Imagine no “Imagine”

January 3, 2012


I would stack my bonafides as a John Lennon admirer up against anyone’s. I’ve blogged about this admiration in the past more than once. Lennon was a great confessional songwriter and singer, both within the Beatles and as a solo artist.

Having said that, his legendary peace anthem, “Imagine,” is air-headed mush—I mean lyrically speaking. The song’s melody rules, and since music is more important than words, I’m hardly immune to the song’s virtues. I understand, emotionally, why the song is so well-loved.

But the words… Ugh!

The song contends that without countries and religions—with the misguided nationalism and fanaticism that sometimes attend to them—we would have nothing to “kill or die for,” which is obviously nonsense. This can be seen with just a tiny bit of reflection. After all, which came first: countries and religion or killing and dying?

Besides, who wants to live in a world in which there is nothing to kill or die for? Not me—and I say that as someone who opposes killing far more frequently than the general population. I’m bipartisan in my opposition to most wars. I’m opposed to the death penalty. And don’t get me started on abortion and euthanasia!

While I’m not a pacifist, I have great respect for the long tradition of Christian pacifism. But even Christian pacifism isn’t premised on the idea that there’s “nothing to kill or die for.” Far from it!

First, all Christians would agree that there is plenty to die for. As I discussed in my Christmas Day sermon, I would sacrifice my life for my children—without giving it a second thought. (I hope I never have to, but that’s beside the point.) As a matter of love, all Christians should be willing, if necessary, to die out of love for God or neighbor. Jesus did, and plenty of martyrs throughout the the ages have followed his example.

As for there being something worth killing for, the question may seem ambiguous from a Christian point of view. But not so fast: as theologian Miroslav Volf points out in his landmark book Exclusion & Embrace, the pacifism of many Christians, including Anabaptists (e.g., Mennonites and the Amish), is made possible in part because they believe not only that vengeance is God’s to repay, but that he will also repay it—in the Second Coming.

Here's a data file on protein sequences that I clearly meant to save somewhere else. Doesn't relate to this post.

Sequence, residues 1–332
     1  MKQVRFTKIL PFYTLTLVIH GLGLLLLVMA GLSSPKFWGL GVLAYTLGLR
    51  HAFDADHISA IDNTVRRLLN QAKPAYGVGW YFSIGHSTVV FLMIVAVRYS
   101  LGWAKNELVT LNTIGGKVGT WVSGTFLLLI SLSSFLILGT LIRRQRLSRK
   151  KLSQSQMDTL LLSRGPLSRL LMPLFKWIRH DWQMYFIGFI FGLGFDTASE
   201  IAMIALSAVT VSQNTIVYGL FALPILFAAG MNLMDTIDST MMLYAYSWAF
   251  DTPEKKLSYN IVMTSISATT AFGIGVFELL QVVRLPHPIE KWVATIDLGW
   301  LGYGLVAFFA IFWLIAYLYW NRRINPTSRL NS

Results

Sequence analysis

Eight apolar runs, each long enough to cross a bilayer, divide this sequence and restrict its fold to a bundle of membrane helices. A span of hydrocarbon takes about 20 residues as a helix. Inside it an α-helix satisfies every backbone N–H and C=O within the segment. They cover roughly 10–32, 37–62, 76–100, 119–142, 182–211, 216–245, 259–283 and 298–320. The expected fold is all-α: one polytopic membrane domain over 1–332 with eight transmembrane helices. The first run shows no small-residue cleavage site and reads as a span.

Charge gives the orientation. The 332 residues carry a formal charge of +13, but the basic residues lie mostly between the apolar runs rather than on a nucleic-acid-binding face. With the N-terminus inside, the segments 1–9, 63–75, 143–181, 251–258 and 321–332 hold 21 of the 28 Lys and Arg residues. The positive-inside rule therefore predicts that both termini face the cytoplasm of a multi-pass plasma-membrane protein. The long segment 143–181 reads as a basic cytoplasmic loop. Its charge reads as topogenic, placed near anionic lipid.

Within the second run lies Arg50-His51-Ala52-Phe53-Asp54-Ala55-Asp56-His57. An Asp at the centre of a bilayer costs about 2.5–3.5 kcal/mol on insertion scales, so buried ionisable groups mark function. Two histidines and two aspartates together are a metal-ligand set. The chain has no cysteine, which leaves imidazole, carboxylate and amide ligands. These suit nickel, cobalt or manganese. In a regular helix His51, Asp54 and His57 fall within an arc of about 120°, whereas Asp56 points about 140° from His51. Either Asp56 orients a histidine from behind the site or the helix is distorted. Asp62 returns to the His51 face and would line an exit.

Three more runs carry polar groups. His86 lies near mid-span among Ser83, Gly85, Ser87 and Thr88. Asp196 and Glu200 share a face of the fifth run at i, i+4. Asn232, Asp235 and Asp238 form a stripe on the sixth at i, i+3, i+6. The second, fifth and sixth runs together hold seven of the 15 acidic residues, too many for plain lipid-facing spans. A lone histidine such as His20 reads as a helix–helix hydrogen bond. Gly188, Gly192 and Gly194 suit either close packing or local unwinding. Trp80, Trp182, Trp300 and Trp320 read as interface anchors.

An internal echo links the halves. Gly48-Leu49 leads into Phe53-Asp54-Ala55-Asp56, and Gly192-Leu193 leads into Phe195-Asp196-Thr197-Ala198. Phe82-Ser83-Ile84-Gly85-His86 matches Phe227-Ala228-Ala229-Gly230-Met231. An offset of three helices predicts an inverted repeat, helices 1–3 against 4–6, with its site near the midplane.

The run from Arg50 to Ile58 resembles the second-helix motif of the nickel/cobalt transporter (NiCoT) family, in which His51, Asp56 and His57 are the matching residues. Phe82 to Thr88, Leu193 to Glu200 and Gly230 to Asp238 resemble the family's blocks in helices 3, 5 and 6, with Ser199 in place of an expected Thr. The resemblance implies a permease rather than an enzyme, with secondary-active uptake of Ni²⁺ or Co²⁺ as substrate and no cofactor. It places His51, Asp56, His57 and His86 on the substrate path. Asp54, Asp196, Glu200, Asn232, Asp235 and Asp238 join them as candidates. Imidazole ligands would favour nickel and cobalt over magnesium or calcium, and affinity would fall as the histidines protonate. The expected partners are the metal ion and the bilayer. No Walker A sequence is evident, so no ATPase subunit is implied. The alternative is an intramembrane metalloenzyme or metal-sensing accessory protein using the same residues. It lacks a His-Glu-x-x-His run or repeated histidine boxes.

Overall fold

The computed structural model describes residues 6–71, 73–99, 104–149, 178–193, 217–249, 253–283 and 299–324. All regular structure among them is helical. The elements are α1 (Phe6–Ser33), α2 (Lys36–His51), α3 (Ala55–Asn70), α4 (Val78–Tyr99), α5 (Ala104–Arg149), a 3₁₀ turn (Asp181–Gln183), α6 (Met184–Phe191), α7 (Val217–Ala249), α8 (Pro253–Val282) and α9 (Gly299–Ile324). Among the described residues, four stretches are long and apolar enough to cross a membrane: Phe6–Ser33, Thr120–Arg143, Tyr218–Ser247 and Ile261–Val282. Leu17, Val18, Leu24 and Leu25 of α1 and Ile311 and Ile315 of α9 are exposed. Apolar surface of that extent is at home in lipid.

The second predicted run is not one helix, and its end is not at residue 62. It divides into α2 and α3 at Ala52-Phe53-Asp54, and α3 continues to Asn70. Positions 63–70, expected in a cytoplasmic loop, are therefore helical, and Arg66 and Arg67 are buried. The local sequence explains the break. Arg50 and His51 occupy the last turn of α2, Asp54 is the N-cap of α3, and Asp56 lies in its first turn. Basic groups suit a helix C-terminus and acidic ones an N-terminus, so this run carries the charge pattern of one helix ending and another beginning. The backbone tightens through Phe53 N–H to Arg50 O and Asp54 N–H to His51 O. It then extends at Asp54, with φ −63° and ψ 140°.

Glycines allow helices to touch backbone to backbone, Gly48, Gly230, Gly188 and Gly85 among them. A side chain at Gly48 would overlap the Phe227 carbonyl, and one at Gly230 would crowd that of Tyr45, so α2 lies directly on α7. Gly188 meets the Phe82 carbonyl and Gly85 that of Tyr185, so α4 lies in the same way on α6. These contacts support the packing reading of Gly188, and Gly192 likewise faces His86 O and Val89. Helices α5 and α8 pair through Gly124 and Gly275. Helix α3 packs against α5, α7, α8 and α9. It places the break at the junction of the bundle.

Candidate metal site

Volf believes, as do I, that the practice of Christian non-violence requires belief in a God who uses violence in order to ensure that justice is fully and finally done. The Christ who taught his followers to turn the other cheek and submitted to death on a cross is also the sword-weilding Rider on the white horse of Revelation 19:11ff.

So, is there something worth killing for? Of course! But we Christians ought to trust God to handle the killing, if not in this life then in the life to come.

With all this in mind, I was unbothered by Cee Lo Green’s New Year’s Eve performance of “Imagine,” in which he modified Lennon’s original line, “nothing to kill or die for/ and no religion too,” to “nothing to kill or die for/ and all religion’s true.”

Don’t get me wrong: his new line stinks, but it’s no worse than the original.

All religion isn’t true. It can’t be. It can’t be true because no one practices some abstract thing called “religion.” People practice Christianity or Buddhism or Islam or Hinduism or Judaism, etc.. These religions make important truth claims that often contradict one another. You see my point?

If it were the case that all religions boiled down to a few central truths—how much could they all have in common?—then that “truth” would be so obvious and innocuous that no one would bother dying for it or killing to defend it, that’s for sure. So maybe Green is onto something without even knowing it. His defanged religion would be as harmless as “no religion.”

In which case, what’s the fuss?

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